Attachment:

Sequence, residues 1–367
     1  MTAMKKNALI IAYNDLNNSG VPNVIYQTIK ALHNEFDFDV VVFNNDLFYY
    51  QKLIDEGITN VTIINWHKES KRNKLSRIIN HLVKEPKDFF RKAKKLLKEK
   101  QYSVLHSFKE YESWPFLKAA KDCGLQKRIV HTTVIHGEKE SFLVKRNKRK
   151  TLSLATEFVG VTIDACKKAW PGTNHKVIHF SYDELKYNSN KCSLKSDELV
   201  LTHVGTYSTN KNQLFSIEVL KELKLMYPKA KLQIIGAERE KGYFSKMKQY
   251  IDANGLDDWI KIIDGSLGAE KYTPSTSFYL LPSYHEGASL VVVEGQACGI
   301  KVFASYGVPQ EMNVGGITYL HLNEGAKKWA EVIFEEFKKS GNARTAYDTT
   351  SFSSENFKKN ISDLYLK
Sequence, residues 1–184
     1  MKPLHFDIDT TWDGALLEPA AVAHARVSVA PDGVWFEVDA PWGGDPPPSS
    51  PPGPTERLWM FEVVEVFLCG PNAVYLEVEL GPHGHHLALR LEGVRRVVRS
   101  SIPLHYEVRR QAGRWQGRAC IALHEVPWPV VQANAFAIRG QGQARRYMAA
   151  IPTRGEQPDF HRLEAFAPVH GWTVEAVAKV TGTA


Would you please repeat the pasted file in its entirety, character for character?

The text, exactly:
Sequence, residues 1–367
     1  MTAMKKNALI IAYNDLNNSG VPNVIYQTIK ALHNEFDFDV VVFNNDLFYY
    51  QKLIDEGITN VTIINWHKES KRNKLSRIIN HLVKEPKDFF RKAKKLLKEK
   101  QYSVLHSFKE YESWPFLKAA KDCGLQKRIV HTTVIHGEKE SFLVKRNKRK
   151  TLSLATEFVG VTIDACKKAW PGTNHKVIHF SYDELKYNSN KCSLKSDELV
   201  LTHVGTYSTN KNQLFSIEVL KELKLMYPKA KLQIIGAERE KGYFSKMKQY
   251  IDANGLDDWI KIIDGSLGAE KYTPSTSFYL LPSYHEGASL VVVEGQACGI
   301  KVFASYGVPQ EMNVGGITYL HLNEGAKKWA EVIFEEFKKS GNARTAYDTT
   351  SFSSENFKKN ISDLYLK
Sequence, residues 1–184
     1  MKPLHFDIDT TWDGALLEPA AVAHARVSVA PDGVWFEVDA PWGGDPPPSS
    51  PPGPTERLWM FEVVEVFLCG PNAVYLEVEL GPHGHHLALR LEGVRRVVRS
   101  SIPLHYEVRR QAGRWQGRAC IALHEVPWPV VQANAFAIRG QGQARRYMAA
   151  IPTRGEQPDF HRLEAFAPVH GWTVEAVAKV TGTA